The value of differentiated support:
It is well known and supported within the field of Education that differentiated support is a valuable tool in any educator’s toolbox for meeting the needs of all pupils, facilitating progress, and ensuring sustained engagement in learning. As Hammond (2012) amongst others argue, differentiated support which acknowledges the unique needs and individual language proficiency is particularly vital for pupils with EAL to provide them with equitable access to the curriculum (Amniana & Gadour, 2007). The value of differentiated support can be found in the way it places a strong emphasis on equity and access for all (Hammond, 2012) and embraces the concept of inclusivity in the classroom through meeting students where they are at in their learning, whilst driving progress forward. As O’Toole and Skinner (2018) note, teachers should strive to provide differentiated support for pupils with EAL in a way which includes them fully in all elements of teaching and learning, in a manner which ensures that their achievement is on par with their English- speaking monolingual peers. They therefore recommend that when working with pupils with EAL, teachers should allow for the provision of plentiful listening time, frequent social interaction, collaboration, and visuals (O’Toole and Skinner) as it is this which provides EAL pupils with the opportunity and subsequent motivation/confidence to develop their language proficiency. The 2009 Australian Curriculum Initiative supports this approach of differentiated support as they argue that an alternative curriculum for students regarded as disadvantaged does not treat them equitably. They posit instead that it is more beneficial for educators to set the same high expectations for all pupils and to provide differentiated levels of support to ensure that all students have a fair opportunity to meet those high expectations. It has also been widely acknowledged that educators working with pupils with EAL should recognise the distinction between conversational language which is typically embedded in context and supported by paralinguistic cues (Little, 2010), otherwise known as ‘playground language’ typically acquired in two years (Gubbons, 1991) and academic language which is context reduced and more abstract. Academic language comprises more complex features and vocabulary, including persuading, classifying, and speculating and therefore although pupils with EAL may be proficient in their ‘playground language’, differentiated support is frequently integral to support pupils with EAL in their grasp of academic language.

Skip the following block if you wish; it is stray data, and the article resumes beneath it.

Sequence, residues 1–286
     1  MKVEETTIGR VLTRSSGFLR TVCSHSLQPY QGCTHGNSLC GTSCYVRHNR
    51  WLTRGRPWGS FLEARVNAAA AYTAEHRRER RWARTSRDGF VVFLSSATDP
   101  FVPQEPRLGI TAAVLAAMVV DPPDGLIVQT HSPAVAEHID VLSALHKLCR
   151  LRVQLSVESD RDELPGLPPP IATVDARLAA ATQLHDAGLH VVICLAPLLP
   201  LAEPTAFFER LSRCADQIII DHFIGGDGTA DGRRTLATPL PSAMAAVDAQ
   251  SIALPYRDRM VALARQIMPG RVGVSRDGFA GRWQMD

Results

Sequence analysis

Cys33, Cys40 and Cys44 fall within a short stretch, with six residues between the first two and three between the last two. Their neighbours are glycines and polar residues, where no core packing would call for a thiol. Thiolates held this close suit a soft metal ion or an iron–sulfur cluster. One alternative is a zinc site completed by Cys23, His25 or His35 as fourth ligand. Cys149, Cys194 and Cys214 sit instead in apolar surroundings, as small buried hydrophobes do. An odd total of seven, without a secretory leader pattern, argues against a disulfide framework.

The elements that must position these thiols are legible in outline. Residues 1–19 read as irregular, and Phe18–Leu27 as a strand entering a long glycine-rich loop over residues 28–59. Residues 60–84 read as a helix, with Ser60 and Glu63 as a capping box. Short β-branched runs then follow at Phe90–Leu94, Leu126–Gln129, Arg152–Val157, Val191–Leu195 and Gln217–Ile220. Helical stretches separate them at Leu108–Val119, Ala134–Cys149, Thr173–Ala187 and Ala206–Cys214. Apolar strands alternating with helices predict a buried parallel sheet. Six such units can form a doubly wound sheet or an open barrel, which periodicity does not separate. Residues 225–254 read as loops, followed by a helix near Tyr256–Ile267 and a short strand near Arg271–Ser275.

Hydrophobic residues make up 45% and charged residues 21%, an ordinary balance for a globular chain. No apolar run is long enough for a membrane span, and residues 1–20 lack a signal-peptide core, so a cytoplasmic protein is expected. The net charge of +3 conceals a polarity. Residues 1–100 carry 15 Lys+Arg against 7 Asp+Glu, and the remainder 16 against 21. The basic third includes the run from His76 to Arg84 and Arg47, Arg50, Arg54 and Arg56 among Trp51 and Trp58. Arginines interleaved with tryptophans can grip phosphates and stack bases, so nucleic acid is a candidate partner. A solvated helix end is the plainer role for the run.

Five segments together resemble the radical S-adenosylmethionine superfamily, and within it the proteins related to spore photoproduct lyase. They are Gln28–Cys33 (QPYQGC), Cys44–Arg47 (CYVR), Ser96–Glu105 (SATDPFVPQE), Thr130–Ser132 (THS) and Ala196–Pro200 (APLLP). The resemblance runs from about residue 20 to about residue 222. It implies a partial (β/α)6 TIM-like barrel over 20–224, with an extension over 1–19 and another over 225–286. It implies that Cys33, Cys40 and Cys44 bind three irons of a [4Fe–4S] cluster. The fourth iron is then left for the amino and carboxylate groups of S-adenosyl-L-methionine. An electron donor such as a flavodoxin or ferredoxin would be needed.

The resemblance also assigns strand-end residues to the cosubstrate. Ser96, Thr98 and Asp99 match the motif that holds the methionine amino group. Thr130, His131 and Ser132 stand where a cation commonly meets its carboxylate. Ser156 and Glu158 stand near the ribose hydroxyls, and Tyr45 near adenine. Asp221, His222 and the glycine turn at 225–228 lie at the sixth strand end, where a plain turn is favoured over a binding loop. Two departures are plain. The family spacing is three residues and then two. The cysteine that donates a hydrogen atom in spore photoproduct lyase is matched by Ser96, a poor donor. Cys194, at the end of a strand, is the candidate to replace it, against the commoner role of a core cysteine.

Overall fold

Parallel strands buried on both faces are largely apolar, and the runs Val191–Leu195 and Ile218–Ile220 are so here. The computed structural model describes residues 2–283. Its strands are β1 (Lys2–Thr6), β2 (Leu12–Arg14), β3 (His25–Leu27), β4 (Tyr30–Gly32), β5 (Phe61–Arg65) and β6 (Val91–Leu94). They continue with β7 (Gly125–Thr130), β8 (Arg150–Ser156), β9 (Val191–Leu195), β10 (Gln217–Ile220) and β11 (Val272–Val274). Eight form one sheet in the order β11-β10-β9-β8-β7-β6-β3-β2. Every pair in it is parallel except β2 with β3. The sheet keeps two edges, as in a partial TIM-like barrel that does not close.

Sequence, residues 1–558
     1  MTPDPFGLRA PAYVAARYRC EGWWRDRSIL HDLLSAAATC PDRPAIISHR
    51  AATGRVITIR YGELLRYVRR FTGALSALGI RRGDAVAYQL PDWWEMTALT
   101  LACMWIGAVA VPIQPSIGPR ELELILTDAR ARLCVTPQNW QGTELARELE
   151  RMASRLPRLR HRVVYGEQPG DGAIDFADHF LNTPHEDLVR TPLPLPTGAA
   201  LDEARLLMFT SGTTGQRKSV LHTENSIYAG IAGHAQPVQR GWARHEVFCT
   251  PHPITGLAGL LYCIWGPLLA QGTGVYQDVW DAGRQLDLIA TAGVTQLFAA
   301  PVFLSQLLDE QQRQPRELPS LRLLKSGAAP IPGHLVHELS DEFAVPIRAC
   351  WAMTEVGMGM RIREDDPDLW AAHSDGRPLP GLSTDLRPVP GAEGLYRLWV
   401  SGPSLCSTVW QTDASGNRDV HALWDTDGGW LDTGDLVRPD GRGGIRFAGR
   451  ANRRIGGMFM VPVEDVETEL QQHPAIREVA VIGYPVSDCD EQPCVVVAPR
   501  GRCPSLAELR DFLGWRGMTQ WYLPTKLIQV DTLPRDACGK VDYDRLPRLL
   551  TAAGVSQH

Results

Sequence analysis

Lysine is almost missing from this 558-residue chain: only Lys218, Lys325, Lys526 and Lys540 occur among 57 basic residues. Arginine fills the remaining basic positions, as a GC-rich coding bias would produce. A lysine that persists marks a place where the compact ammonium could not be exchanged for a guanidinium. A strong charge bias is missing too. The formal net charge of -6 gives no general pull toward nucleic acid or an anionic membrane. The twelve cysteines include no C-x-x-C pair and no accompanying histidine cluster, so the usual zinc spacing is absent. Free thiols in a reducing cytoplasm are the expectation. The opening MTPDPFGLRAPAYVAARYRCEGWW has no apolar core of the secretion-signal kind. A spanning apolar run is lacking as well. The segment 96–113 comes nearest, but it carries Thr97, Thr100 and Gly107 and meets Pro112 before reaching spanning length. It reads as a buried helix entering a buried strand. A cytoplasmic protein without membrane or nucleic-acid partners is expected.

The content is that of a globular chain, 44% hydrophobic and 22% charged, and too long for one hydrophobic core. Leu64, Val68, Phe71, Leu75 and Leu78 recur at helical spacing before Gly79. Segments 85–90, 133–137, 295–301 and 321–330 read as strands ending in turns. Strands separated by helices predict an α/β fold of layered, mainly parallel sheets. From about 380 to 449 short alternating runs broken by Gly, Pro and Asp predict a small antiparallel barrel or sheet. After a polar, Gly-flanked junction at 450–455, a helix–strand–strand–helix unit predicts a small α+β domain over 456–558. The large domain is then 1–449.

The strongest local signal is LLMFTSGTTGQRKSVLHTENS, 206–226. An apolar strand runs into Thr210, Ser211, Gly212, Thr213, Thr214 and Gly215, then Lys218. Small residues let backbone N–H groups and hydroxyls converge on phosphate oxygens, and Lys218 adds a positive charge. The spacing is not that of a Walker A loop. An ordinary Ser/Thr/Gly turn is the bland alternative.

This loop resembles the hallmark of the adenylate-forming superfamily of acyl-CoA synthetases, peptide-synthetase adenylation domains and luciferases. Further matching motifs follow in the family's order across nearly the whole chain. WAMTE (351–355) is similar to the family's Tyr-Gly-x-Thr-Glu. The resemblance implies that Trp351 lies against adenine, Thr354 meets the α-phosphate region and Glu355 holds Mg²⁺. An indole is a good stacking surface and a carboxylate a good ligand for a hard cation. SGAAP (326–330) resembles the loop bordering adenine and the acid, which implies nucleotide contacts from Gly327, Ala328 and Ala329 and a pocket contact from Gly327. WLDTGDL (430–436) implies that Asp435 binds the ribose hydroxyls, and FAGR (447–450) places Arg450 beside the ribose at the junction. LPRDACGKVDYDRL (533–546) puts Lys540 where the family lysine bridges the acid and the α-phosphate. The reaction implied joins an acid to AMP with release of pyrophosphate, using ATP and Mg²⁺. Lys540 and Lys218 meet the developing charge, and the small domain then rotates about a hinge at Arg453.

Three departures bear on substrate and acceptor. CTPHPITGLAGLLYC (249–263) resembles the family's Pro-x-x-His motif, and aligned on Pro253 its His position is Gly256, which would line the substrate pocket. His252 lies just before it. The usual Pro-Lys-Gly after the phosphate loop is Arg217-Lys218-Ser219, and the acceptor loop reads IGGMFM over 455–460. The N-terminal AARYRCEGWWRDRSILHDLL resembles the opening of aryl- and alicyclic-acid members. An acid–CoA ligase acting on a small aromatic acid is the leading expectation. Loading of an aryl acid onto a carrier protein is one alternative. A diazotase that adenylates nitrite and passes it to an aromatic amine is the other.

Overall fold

Academic attainment and social, emotional, behavioural functioning for pupils with EAL dependent on English language proficiency:
Throughout England, pupils with EAL collectively display poorer attainment than their monolingual peers during primary school and beyond. This trend is revealed in national education assessments which record the attainment of all state funded primary school pupils at the end of Reception, Key Stage 1 SATS and Key Stage 2 SATS. As Gooch and Norbury (2017) note, assessments have demonstrated that the attainment gap between pupils with EAL and their monolingual peers is widest in the curriculum area of speaking in Reception, speaking, and listening in Year 2 and reading in Year 6. Hoff (2013) agrees and maintains that proficiency in the language of instruction is essential for pupils with EAL to understand the teacher and as a precursor for reading, and therefore although there is considerable variation in the academic attainment amongst pupils with EAL, English language proficiency is likely to be the integral predictor of attainment (Strand et al., 2015). This is built upon in studies (Whiteside, 2017) which have reported moderately strong positive associations between pupil proficiency in the language of education and early literacy, reading, spelling, mathematics, and general academic attainment amongst bilingual children (Prevoo et al., 2015). This is also supported by Halle et al., (2012) who acknowledge that English language proficiency is also associated with social, emotional, and behavioural functioning in pupils with EAL as research has highlighted how children with EAL at school entry who were proficient in English showed better behaviour, attention, and eagerness to learn and greater growth in English and Maths than their monolingual peers. Calvo and Bialystok (2014) have also demonstrated that bilingual children display enhanced executive functioning and enhanced inhibition (Poarch and Van Hell, 2012) although Engel de Abreu et al., (2014) oppose this and argue that enhanced executive functioning in bilingual children is dependent on them having a high level of language proficiency in both languages.